THE increase in the number of persons in any community comes with its challenges. This explains why cities across the world develop strategies specifically to continuously address the challenges peculiar to them and indeed any other phenomenon that has taken global dimension. In specific terms, the Nigerian capital city of Abuja is grappling with the challenges of explosion in population, inadequacy of facilities and infrastructure and the growing threat of waste to the environment. Despite these challenges, however, the administration does not appear to be resting on its oars, as there is a gladdening departure from the lamentations about helplessness, which used to be common with the authorities administering the territory.
As is currently being witnessed in Abuja, the authorities are making some noticeable efforts to address the challenges of waste management. In Garki District around the Garki market area, for instance, there used to be mountain of waste that was not being properly managed. But the current administration, headed by Muhammad Bello, came in and, for the first time in the city, it procured the mobile trucks that are stationed in that area to evacuate waste. The practice in the past was to hire equipment to remove waste from that area and other parts of the city which cost a lot of money and made it quite expensive to frequent these sites. But with these mobile trucks now stationed there, the people have a new and effective system of waste disposal.
Initially, there were roro buckets in that place. But looking at the population around that Garki area, it is so much that the roro container could not accommodate what was generated there. Within a day, that container got filled over and over. But with the mobile truck, people now have a new way of trying to get their waste disposed. Not only just disposed; it contains the waste and removes the risk of rodents coming to scatter the waste and disseminate diseases. That has been taken care of with the waste now stored in a container from where, it goes to the dump site.
Again, around Kubwa road axis, over the years, there used to be a waste dump that was left unattended to. The same container truck has now been applied in that place to evacuate the waste that is in that area. This same system has also been applied to the airport road where pockets of dumps and huge wastes, especially in Lugbe remained despite series of evacuation over a long period of time.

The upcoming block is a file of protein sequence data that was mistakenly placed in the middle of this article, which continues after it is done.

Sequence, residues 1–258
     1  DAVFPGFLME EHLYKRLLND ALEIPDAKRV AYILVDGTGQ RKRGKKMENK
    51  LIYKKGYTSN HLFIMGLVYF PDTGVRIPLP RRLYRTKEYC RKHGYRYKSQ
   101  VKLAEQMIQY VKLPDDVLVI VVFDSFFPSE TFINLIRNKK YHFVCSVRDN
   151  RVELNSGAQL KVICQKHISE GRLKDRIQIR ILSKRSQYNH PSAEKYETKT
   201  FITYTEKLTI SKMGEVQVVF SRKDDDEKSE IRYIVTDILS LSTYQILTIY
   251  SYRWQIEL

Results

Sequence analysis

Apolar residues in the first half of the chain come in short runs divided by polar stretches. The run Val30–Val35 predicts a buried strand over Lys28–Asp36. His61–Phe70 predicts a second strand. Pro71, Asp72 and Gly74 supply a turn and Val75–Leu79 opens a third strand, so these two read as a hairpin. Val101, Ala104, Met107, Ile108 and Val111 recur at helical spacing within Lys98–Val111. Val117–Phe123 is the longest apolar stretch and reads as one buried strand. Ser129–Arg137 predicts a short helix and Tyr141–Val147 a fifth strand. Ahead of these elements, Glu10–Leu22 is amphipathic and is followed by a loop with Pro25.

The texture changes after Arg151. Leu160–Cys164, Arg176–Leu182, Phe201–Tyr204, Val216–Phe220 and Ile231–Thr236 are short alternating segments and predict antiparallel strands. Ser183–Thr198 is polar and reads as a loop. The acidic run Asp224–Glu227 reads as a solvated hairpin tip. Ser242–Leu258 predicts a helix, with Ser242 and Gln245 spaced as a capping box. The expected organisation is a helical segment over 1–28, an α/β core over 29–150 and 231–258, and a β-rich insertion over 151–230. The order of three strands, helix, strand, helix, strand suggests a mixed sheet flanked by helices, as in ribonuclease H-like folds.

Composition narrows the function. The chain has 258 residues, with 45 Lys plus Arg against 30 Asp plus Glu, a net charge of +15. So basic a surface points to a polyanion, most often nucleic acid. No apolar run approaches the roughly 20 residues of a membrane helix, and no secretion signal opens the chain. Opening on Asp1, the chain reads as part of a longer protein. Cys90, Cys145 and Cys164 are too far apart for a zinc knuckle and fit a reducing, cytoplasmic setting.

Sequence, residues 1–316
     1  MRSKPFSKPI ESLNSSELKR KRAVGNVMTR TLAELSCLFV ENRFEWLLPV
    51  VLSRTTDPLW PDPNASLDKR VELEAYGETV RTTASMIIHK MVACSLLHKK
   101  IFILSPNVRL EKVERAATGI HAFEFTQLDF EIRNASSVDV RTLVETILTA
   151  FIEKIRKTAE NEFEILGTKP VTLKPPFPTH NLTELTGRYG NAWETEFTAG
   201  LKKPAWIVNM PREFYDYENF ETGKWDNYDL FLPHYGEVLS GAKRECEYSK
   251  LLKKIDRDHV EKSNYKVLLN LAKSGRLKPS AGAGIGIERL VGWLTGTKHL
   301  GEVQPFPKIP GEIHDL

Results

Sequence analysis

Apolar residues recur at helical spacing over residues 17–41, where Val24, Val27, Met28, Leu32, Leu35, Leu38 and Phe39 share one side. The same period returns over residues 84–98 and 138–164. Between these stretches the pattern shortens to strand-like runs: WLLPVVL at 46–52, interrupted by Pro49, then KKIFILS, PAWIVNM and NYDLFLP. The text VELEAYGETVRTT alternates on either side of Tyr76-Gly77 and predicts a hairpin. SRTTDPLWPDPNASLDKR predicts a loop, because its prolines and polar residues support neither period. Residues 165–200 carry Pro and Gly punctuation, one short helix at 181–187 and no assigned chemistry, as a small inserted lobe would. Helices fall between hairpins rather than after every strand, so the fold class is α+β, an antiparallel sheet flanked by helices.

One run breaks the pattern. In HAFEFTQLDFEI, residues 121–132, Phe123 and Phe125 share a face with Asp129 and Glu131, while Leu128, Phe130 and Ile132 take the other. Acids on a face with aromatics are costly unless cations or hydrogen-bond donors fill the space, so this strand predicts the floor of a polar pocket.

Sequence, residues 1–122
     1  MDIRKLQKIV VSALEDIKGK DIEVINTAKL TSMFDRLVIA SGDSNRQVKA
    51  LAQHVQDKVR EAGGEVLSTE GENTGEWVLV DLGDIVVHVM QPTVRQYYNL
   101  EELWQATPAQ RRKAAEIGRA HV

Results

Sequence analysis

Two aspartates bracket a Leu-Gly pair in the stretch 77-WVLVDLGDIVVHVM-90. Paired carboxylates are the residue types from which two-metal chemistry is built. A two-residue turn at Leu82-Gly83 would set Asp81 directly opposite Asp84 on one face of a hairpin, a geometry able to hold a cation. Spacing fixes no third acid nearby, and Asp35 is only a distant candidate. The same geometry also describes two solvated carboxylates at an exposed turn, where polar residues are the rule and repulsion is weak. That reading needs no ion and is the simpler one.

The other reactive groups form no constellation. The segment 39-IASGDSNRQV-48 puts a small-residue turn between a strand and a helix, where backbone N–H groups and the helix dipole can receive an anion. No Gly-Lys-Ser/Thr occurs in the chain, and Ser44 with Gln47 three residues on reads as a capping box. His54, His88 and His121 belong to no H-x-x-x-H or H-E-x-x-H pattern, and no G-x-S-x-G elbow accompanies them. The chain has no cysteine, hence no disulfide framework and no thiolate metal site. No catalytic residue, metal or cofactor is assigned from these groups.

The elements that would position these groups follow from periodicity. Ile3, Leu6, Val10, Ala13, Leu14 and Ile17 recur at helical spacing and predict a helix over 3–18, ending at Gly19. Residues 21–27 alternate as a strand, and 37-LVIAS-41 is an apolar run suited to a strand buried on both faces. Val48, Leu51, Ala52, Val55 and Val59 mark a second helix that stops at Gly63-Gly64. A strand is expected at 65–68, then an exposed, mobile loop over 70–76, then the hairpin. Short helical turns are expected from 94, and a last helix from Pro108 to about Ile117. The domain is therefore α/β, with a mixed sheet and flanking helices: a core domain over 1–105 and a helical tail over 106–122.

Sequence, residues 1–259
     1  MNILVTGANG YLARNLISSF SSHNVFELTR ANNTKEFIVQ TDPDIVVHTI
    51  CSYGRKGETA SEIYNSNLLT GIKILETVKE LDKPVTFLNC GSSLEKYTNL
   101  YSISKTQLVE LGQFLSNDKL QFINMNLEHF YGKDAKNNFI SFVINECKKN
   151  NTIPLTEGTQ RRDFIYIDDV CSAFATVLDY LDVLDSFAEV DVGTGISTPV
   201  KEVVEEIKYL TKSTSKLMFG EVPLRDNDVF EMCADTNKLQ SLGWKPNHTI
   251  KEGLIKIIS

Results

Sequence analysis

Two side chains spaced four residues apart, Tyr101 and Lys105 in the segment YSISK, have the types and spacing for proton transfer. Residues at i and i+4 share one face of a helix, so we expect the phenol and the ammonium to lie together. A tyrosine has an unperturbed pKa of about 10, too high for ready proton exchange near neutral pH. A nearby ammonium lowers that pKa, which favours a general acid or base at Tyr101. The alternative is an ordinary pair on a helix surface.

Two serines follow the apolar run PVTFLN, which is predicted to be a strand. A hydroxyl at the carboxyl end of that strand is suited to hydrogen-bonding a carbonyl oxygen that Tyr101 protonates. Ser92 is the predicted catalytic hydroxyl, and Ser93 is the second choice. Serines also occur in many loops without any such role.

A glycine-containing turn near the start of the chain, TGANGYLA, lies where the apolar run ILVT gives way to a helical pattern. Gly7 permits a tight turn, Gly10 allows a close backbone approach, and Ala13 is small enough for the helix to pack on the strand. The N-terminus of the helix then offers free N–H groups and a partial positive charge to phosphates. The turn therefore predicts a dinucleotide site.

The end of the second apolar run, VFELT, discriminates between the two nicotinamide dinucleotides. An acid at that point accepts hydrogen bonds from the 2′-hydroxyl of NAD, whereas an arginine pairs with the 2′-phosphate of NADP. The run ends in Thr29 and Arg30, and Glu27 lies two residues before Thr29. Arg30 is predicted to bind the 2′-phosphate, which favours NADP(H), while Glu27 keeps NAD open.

Beyond the collect and dump system, the main idea in the FCT is to take the waste to wealth initiative beyond rhetoric. The FCT Administration has gone into partnership with the Japan International Cooperation Agency (JICA), an investment arm of the Japanese government, to commence the sorting of waste right from source for the purpose of recycling. It has started with Life Camp District as a pilot study. The aim for now is to use a particular day of the week to sort the organic waste and separate them from the recyclables. The AEPB truck goes round the whole area to pick up this waste and take it to the dump site for the purposes of recycling. The plan is to work further on the collected recyclables so that people who want to reuse them can come in and buy, thereby bringing back revenue to the purse of the government and to other investors. All these are in stages and in process and with time, the FCT Administration intends to engage other investors to apply these measures in other parts of the city to ensure that the whole idea is sustained. It has been applied in Life Camp and the administration has realised that people are really gingered towards cooperating. The plan is to gradually capture other districts like Maitama, Jabi, Utako, and Gwarimpa through public/private partnerships.
The FCT Administration is aware that any attempt to get people to buy into this will require some form of incentive as motivator for what they bring to the waste sorting centre. It is currently designing policy frameworks that will ensure that these wastes are paid for after being measured in kilos. This will help to ensure that the city is clean because when people know that they have benefits for bringing their waste to a particular point, they will be gingered towards trying to buy into that.
To give this approach a human face, however, FCT Administration needs to embark on aggressive sensitisation to adequately inform the public and make them aware of what is happening. When this is done, FCT residents will get to know about these districts and areas that they are doing these waste sorting and collection so that they can participate and earn money for themselves. I give kudos to the FCT Administration for these laudable initiatives.
- Akilu writes in from Durumi II District, Abuja.